The twelve islands of Dodecanese are the best sailing area to learn about Greek island traditions and experience the unique mix of European and oriental cultures.
Sea & Coast
Literally meaning “The Twelve Islands””, the Dodecanese are a group of islands (12 big ones and 150 smaller ones) off of Turkey’s southwest coast. Just 26 of these islands are inhabited, forming a prefecture in modern-day Greece, the rest being nothing more than rocks sticking out of the sea.
However, among the Dodecanese are the oldest inhabited places on Earth, such as Rhodes island, a famous destination.
Among the other most important islands are Astipalea, Halki, Kalymnos, Kassos, Karpathos, Kos, Leros, Lipsi, Nisyros, Patmos, Symi and Tilos.
Bathed by the south Aegean Sea, all of them display a rocky relief though from the crustacean fossils found on top of these cliffs, it’s clear that they formed under water and rose gradually. For the boat crew this means lots of islets, underwater rock formations, coves and crevices which can prove difficult to maneuver around.
The overall climate can be described as ranging from temperate to dry tropical. Apart from the mild and wet winters, the islands enjoy a prolonged period of summer, which is hot and dry, with lots of sunlight and little to no winds, thus perfect for aficionados and sun worshipers coming here in search of relaxation and a nice, golden-brown tan.
The vegetation consists mainly of pine, cypress, olive and cedar with lots of aromatic plants (oregano, thyme, lavender). The many deserted islands became a bird watcher’s paradise, as the Dodecanese are located on the migratory path for many species. In the waters too there is a bounty of creatures, including the elusive Mediterranean seal, dolphins, turtles and a myriad of mollusks and crustaceans that invariably end up on tourists’ plates in restaurants.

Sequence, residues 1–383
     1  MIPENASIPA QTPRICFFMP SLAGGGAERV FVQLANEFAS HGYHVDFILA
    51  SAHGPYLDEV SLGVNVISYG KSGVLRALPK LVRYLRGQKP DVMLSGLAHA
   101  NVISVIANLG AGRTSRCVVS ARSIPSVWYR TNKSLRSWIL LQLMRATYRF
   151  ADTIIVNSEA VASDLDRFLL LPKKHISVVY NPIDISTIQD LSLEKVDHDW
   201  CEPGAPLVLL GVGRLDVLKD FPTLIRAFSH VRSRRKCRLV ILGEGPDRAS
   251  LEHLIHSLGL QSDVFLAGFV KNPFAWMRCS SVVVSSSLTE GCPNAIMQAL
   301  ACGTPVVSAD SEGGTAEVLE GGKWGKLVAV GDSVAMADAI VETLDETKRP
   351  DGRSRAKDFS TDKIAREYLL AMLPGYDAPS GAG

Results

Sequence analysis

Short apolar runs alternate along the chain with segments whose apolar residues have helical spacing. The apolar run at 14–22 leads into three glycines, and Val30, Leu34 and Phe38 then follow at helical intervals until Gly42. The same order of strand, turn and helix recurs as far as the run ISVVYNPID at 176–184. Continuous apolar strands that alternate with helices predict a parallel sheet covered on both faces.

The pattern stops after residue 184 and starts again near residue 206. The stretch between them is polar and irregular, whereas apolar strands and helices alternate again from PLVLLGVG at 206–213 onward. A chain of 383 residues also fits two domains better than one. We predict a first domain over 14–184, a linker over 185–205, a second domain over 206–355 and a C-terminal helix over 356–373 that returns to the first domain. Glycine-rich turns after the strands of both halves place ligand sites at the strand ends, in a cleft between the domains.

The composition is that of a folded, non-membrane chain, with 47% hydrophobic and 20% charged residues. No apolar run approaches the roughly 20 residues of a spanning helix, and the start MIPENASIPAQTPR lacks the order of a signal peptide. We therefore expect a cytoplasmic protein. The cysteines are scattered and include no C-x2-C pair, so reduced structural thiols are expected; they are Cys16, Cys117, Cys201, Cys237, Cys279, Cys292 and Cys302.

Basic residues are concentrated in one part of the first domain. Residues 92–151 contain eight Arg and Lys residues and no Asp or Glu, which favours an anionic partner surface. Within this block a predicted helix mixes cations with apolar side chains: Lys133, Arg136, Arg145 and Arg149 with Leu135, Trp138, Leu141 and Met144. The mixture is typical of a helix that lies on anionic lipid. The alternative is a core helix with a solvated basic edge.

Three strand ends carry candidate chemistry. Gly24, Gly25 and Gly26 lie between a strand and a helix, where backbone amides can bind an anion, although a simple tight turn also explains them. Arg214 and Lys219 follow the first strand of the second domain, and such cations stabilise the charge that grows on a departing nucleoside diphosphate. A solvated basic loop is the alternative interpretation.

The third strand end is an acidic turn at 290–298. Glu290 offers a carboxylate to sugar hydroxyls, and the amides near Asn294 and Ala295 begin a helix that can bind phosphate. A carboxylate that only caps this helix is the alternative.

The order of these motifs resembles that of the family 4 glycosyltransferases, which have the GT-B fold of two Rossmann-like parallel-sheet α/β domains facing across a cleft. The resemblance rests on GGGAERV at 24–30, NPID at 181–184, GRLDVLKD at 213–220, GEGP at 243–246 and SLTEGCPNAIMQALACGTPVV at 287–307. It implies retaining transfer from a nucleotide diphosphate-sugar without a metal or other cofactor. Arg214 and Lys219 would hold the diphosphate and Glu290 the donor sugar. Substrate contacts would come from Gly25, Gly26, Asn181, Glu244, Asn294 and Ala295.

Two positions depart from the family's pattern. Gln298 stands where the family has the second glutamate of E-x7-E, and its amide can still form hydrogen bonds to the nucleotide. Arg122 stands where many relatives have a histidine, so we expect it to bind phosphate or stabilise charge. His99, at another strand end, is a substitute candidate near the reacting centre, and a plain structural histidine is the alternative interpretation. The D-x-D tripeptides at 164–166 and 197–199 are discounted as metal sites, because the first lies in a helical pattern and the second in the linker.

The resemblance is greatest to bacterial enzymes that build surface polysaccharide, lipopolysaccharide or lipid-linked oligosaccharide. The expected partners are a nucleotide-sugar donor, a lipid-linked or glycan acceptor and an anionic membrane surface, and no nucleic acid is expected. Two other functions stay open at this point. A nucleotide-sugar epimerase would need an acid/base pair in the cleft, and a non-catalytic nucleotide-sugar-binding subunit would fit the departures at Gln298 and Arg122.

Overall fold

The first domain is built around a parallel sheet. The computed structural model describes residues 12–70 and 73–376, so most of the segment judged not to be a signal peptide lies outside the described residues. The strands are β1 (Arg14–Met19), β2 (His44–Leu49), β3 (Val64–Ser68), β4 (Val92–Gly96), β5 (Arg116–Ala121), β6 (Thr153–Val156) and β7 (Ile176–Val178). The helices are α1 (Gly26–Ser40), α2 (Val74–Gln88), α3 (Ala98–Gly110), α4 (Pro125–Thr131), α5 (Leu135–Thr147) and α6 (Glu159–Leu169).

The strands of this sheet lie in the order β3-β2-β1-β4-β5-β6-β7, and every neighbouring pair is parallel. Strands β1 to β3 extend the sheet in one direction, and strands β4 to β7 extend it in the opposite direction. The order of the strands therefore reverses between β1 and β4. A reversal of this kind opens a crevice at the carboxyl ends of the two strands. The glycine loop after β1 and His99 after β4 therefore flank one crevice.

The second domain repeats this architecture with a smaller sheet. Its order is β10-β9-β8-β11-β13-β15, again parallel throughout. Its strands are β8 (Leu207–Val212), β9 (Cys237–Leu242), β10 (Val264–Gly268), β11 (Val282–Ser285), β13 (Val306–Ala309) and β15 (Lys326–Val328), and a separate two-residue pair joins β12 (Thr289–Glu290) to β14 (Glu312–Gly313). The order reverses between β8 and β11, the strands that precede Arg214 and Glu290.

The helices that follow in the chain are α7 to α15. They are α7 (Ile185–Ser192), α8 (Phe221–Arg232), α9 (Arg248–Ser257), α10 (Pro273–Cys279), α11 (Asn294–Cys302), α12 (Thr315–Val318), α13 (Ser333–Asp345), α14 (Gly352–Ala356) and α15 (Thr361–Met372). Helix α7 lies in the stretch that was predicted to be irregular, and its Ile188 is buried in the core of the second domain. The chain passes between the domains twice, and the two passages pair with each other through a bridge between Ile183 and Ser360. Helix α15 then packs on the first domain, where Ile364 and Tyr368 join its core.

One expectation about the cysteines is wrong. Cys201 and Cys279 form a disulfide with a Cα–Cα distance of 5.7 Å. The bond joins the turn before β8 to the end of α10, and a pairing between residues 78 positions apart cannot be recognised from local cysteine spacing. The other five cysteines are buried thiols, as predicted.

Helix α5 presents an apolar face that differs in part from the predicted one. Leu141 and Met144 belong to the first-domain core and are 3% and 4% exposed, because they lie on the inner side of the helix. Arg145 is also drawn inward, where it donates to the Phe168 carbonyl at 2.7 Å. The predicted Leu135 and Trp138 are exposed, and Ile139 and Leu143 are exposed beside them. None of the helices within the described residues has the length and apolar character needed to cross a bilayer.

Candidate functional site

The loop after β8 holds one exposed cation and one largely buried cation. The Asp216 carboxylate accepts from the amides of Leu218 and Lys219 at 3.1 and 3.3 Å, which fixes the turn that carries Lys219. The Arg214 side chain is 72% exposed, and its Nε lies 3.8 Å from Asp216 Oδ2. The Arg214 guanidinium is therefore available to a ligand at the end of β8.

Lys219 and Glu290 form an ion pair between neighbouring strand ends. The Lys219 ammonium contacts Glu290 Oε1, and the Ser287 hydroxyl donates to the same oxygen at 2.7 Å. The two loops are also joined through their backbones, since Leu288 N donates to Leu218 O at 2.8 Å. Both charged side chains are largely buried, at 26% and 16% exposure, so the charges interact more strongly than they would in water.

Culture & History
The islands played an important role in history in early antiquity when they became the cradle of the Minoan civilization, the remnants of which can still be seen today in places like Rhodes Town. Then, in Roman times, the island of Rhodes became a learning center, though in time they became an integral part of the empire rather than an ally.
Numerous empires then passed through, starting with the Byzantines, the Ottomans and then changing hands numerous times in the late middle ages and prior to WWII. After rejoining Greece, the islands became a popular destination, continuing to grow in importance and increasing its number of tourists each year. The islands of Kos and Rhodes are among the most popular.
Seamanship & Experience
Though they offer a great number of sailing itineraries, the Dodecanese are not the best place for beginner skippers. The prevailing wind in summer is called meltemi and it blows from the northwest with a force ranging from 4 to 7 knots. Though it doesn’t blow daily, it does happen to blow for 5 to 10 days at a time on occasion. This makes heading north very difficult in July and August. Thusly, a good idea would be to plan a south sail during this time of the year.
However, for the intermediate and the advanced skippers, a trip to the Dodecanese can prove an unforgettable experience, as there are plenty things to see and do and there is great sailing to be has between the many islands. The best time to arrive here is from May to October, when air temperatures during the day can go as high as 35 degrees Celsius due to plenty of sunshine.